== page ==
Table 2 Linkage disequilibrium (r2) among important SNPs in chromosome 11q23.1.
Figure 6
figure6

Differences in minor allele frequencies of rs1944919 among populations. The G allele is common to all populations. Frequencies of the T allele are lower in admixed American and European populations compared with other populations. YRI: Yoruba in Ibadan, Nigeria; LWK: Luhya in Webuye, Kenya; GWD: Gambian in Western Divisions in the Gambia; MSL: Mende in Sierra Leone; ESN: Esan in Nigeria; ASW: Americans of African Ancestry in Southwest USA; ACB: African Caribbean in Barbados; MXL: Mexican Ancestry in Los Angeles, CA, USA; PUR: Puerto Ricans from Puerto Rico; CLM: Colombians from Medellin, Colombia; PEL: Peruvians from Lima, Peru; CHB: Han Chinese in Beijing, China; JPT: Japanese in Tokyo, Japan; CHS: Southern Han Chinese; CDX: Chinese Dai in Xishuangbanna, China; KHV: Kinh in Ho Chi Minh City, Vietnam; CEU: Utah residents with Northern and Western European ancestry; TSI: Toscani in Italia; FIN: Finnish in Finland; GBR: British in England and Scotland; IBS: Iberian population in Spain; GIH: Gujarati Indian from Houston, TX, USA; PJL: Punjabi from Lahore, Pakistan; BEB: Bengali from Bangladesh; STU: Sri Lankan Tamil from the UK; ITU: Indian Telugu from the UK.

There are some limitations to this study. Transcription factors that regulate COLCA1 and COLCA2 gene expression and their molecular interactions are still unknown. Additionally, molecular mechanisms of PBC susceptibility from COLCA1/COLCA2 must be delineated. In order to overcome these limitations, protein expression or interaction-based studies, such as molecular biological experiments including clinical samples or experimental animal models, are needed.

In conclusion, the present high-density association mapping of chromosome 11q23.1 based on SNP imputation and in silico/in vitro functional analyses revealed the molecular mechanism by which rs1944919 increases the transcriptional efficiency of COLCA1 and COLCA2. The results of the present study also demonstrated that effector genes are not always located near GWAS top-hit SNPs. Among PBC susceptibility gene loci, different “mapped gene” and “effector gene” pairs were observed on chromosome 3q13.33 and 17q12-2120,33. A similar systematic analysis using the methods employed in the present study would be very useful in clarifying the molecular mechanism of disease development following comprehensive genetics analyses using approaches such as GWASs.

Materials and methods

Subjects and research ethics

We previously described the demographic and clinical characteristics of the participants in this study18,19. Written informed consent was obtained from all participants. The study was approved by the Committee on Research Ethics of Hoshi University, National Center for Global Health and Medicine, and the National Hospital Organization. All methods were performed in accordance with the ethical guidelines and regulations.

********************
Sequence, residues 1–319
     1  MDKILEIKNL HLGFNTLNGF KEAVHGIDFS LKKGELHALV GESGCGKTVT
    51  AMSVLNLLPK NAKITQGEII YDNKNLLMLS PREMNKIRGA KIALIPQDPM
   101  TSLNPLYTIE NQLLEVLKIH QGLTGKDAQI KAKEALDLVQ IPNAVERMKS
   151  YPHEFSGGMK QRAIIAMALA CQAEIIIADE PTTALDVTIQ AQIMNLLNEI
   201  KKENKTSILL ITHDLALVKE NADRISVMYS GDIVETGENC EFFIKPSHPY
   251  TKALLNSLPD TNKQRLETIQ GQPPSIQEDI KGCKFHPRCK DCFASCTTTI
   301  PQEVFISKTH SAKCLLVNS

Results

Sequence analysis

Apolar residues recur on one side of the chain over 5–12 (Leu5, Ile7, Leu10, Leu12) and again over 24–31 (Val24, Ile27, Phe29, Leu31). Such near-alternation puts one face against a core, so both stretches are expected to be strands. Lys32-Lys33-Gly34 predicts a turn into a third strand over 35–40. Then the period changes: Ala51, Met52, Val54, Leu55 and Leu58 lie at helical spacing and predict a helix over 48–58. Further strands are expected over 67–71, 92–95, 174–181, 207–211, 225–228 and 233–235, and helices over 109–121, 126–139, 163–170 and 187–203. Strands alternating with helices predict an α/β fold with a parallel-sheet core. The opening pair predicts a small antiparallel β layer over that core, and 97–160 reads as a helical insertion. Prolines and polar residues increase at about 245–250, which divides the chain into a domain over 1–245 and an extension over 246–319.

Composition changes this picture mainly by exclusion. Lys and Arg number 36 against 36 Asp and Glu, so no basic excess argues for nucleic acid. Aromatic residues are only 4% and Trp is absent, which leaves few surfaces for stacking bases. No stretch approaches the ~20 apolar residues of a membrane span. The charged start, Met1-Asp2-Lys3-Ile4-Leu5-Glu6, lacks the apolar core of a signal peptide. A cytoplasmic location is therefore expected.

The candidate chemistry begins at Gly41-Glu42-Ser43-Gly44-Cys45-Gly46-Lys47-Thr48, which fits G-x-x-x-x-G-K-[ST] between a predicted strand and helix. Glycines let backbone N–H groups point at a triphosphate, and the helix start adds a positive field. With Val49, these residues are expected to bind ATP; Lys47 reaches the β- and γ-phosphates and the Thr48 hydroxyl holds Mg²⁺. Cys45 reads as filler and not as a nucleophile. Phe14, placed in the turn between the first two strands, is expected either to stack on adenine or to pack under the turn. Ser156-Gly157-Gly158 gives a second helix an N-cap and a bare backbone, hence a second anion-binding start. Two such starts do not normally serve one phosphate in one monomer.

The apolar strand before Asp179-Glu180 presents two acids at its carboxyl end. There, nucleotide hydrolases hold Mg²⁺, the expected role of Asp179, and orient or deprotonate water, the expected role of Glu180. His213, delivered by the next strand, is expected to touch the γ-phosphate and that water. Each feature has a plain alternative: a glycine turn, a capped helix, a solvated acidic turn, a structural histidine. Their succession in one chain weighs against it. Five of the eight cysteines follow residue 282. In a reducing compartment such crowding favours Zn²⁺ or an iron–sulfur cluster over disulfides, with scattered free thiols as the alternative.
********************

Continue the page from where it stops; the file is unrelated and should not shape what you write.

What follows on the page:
SNP imputation

A phased, whole-genome sequencing reference panel of 1,070 Japanese individuals (1KJPN) was used in this study22. SNP filtering and genotype imputation methods were described by Hitomi et al.29.

Prediction tools, statistical tools, and databases

The probability that a candidate functional variant might affect transcription regulation was evaluated using the UCSC genome browser (http://genome.ucsc.edu/index.html)23. The allele frequency of rs1944919 in each population and linkage disequilibrium (LD) data were obtained from LDlink (https://ldlink.nci.nih.gov/)43. Hi-C data for chromosome 11q23.1 were obtained from the 4C browser (http://promoter.bx.psu.edu/hi-c/virtual4c.php)28. Statistical power was calculated using GWA power calculator (http://csg.sph.umich.edu/abecasis/gas_power_calculator/index.html)44. Transcription factor binding was predicted using TRANSFAC Professional (QIAGEN, Valencia, CA, USA; http://www.gene-regulation.com/pub/databases.html)24. TAF1 and EP300 gene expression levels in each cell line were determined using data available from GeneCards (http://www.genecards.org/)25. Correlations of all of SNPs in this locus with gene expression and splicing levels in each organ and immune cell subset were examined using data from the GTEx portal database, version 8 (http://gtexportal.org/home/), along with previously reported data (Ishigaki et al.)26,27. Expression data of COLCA1 and COLCA2 in lymphocytes from healthy individuals were obtained from DICE (https://dice-database.org/)31.

Electrophoretic mobility shift assay (EMSA)

According to the manufacturer’s instructions, EMSA was performed using the LightShift Chemiluminescent EMSA kit (Thermo Fisher Scientific, Waltham, MA, USA) and biotinated double-strand oligonucleotide probes which were corresponded to each major and minor allele (Supplementary Table 1). 10 fmol/μL of oligonucleotide probes were incubated with 2.5 μg/mL of nuclear extract of HepG2 or Jurkat cells (Nuclear Extract Kit; Active Region, Carlsbad, CA, USA) for 30 min at 25 °C.